Dr Wealth shared about 6 ways to reduce monthly expenses without compromising lifestyle. One idea was to use credit cards whenever we can so that we can score points and benefit from the card discounts. He also made an important point that this would go well only if one has the discipline to pay off in full each month, and not to allow ourselves to fall into the debt trap. It's really a silly idea to owe credit card debts. It's a downhill spiral that squeezes away our hard earned money paying interests. Worse, it's easily 24% per annum! I'm pretty disciplined.
I use a few Visa credit cards and found several to be good deals. The UOB One card and the Citibank Dividend card offer various cash rebates. Comes in the form of either a quarterly cash-back to offset the bills, or credits to offset the next payment at selected merchants. So I use the credit cards wherever possible for payments and have benefited substantively from these rebates. It all adds up. Worth a thought?
And, be stingy. Don't pay the annual card fees. The banks are going to hate me for this. Seek the waiver when the fee is due. Often, it's just a phone call away. Most banks have automated this process. I'm not even going to agree to pay half. They've always waived the fee, so long as there has been some spending. I'm 'ngiaow'.
We need to buy groceries and numerous household items on a regular basis, unless you're the type of family that doesn't even cook at home. One of my brothers is like that. He has a fetish about keeping the whole house clean, all the time. We say he's "ko tak". His kitchen is really a museum, for display only.
I believe the wider community of modern working class is almost certainly going to buy a lot of stuff from the supermarkets. Their omni-presence and ubiquity is really a blessed convenience. Thank god for urbanisation! Whether it's NTUC, Cold Storage or any of the smaller chains, I guess we'll shop. When spoilt for choice, parking convenience, store crowded-ness, cleanliness, variety and freshness of food are perhaps other considerations by which we differentiate them.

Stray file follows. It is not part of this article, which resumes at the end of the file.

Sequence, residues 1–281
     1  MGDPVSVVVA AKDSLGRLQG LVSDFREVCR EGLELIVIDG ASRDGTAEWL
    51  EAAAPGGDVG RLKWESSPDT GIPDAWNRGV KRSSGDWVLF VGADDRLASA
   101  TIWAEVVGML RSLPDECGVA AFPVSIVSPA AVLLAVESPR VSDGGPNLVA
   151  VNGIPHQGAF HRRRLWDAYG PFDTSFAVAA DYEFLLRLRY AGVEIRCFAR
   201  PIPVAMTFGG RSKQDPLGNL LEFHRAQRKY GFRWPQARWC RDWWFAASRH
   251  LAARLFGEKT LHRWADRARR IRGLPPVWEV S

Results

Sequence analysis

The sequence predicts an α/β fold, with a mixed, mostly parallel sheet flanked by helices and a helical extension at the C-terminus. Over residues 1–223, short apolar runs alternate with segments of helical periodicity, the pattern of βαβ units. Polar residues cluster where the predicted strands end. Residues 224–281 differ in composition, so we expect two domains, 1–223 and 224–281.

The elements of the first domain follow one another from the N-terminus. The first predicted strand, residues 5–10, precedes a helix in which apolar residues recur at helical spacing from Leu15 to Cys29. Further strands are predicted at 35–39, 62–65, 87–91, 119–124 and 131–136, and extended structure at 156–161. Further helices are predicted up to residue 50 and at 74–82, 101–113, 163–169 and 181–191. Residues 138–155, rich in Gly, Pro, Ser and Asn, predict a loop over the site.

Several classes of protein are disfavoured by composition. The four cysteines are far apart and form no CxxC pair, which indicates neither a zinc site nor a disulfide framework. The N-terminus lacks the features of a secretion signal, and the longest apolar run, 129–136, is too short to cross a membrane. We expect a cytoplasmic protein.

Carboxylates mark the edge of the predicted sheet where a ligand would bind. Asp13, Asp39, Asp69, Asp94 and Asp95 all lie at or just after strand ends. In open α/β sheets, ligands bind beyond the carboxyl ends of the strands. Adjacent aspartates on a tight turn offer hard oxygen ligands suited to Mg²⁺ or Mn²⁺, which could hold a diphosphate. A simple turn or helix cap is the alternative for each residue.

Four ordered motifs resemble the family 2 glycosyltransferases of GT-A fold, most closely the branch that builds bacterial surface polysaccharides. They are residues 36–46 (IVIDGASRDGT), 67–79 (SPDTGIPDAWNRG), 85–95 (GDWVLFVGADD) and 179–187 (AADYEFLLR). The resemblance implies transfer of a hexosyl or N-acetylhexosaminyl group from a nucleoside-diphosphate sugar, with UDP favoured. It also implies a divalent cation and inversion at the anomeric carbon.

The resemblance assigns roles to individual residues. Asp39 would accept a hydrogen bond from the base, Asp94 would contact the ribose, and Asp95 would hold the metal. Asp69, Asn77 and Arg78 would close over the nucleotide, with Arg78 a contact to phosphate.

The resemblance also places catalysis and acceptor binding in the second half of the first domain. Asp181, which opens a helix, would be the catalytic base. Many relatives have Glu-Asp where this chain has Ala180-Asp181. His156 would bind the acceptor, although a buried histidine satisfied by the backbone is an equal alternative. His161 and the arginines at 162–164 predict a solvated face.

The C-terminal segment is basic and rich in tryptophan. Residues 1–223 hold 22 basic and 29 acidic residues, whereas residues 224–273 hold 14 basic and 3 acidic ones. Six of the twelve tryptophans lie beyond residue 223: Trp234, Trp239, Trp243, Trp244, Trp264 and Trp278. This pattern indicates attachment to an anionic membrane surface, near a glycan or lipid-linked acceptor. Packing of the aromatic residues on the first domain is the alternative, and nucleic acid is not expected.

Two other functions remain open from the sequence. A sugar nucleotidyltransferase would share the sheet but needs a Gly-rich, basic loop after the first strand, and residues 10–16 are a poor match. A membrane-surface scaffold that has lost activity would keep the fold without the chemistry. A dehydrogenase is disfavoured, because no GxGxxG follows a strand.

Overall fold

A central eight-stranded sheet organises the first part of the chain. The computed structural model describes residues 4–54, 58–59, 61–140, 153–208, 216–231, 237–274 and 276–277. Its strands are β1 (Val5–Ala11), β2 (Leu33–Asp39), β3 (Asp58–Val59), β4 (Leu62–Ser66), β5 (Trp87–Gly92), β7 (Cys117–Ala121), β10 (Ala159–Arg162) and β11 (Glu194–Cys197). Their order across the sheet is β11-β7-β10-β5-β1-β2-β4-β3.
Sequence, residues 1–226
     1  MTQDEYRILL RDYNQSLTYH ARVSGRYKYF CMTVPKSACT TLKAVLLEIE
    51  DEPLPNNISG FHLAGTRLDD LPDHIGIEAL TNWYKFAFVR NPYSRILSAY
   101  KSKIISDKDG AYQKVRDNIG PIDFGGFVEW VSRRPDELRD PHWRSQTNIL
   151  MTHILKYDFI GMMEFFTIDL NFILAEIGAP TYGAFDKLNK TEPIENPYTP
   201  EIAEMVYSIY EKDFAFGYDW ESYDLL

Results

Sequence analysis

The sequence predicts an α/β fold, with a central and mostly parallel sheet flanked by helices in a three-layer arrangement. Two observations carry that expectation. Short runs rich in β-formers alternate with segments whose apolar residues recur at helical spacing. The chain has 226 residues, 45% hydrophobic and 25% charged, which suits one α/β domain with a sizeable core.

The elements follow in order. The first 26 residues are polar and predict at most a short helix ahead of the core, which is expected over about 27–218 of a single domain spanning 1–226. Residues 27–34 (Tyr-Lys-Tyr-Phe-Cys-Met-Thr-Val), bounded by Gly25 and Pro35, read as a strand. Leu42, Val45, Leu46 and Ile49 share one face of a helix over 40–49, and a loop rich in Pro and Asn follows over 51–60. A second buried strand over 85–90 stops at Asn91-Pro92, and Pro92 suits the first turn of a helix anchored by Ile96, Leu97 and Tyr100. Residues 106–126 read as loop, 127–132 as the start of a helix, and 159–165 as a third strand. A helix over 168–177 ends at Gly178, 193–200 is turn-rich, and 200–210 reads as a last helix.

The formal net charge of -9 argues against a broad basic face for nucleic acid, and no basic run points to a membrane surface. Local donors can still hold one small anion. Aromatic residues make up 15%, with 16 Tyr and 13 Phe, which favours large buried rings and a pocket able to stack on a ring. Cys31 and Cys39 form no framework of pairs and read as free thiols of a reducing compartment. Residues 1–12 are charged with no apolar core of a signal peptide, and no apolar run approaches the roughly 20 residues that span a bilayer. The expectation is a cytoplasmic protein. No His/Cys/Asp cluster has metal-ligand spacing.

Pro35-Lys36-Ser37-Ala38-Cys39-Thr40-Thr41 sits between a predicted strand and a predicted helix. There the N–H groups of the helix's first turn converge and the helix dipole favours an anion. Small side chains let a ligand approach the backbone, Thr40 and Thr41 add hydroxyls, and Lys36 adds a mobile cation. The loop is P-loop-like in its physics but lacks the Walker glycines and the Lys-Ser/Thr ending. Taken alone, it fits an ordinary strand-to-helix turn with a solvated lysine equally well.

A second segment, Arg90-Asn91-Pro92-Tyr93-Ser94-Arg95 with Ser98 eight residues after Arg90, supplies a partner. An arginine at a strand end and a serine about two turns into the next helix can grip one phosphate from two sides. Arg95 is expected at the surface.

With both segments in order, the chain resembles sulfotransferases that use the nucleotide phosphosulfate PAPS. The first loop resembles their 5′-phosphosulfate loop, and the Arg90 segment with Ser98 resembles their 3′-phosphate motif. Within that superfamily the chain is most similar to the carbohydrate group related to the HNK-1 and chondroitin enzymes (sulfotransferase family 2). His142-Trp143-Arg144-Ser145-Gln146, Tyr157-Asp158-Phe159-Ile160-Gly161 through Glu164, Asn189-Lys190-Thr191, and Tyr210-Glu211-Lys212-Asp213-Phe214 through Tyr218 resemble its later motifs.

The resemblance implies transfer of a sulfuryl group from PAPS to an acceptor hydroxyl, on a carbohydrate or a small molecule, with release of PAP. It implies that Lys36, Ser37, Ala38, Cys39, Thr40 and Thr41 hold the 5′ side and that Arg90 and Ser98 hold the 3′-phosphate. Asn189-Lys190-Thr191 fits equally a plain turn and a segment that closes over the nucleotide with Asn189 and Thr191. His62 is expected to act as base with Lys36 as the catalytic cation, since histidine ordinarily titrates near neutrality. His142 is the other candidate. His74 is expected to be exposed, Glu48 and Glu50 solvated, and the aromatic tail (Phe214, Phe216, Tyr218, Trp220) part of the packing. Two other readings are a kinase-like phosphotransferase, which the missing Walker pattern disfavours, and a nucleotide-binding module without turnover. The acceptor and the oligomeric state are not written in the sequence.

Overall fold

And speaking of "chill", for Cold Storage, use the Citibank Dividend Visa Card. It's a few percent worth of rebate.
I'm sure there are many more options like these.
Credit cards often have offers for restaurants. Many restaurants also offer their own membership cards. I mentioned before the pleasant surprise I had when I bought shares in Soup and Japan Foods. Both offer their store discount cards to shareholders. See (1) Soup Restaurant - Slurping with a Discount and (2) Japan Foods - Ajisen Discount. The discounts feel like a form of dividend aren't they? Slurp slurp.
And finally, transportation. Need to travel right? Our legs can only take us so far.
If you commute by train, you might want to sign up with Travel Smart Rewards. It used to be called InSinc (see Insinc with the Times). Points are generated based on the time of travel on the MRT. These points are then spun in a snake-and-ladder game to generate prizes. Prizes are good and seems frequent enough. I've been receiving a few dollars a month. They have enabled a crediting arrangement so that the winnings can be credited into your bank account directly.
If you drive, then back to using your credit card. I get additional discounts when I use the Citibank Dividend Visa Card to pay for petrol at Shell stations, along with the Shell Card for points (redeemable rebates). I've a Shell station right round the corner, so that works really great for me. Again, there are various credit cards with similar arrangements with different petrol stations. Pick one that works for you.
So there you have it, 4 ways to reduce spending. It's coming to lunch time. Time to go fetch my daughter and to run some errands. Let's see now, supermarket, lunch, petrol, and ...
Disclaimer: As far as buying the above shares go, study the companies carefully and make your own decision. The price may not be right. I'm not advocating a buy or sell. I bought Soup way back when it's price was far lower.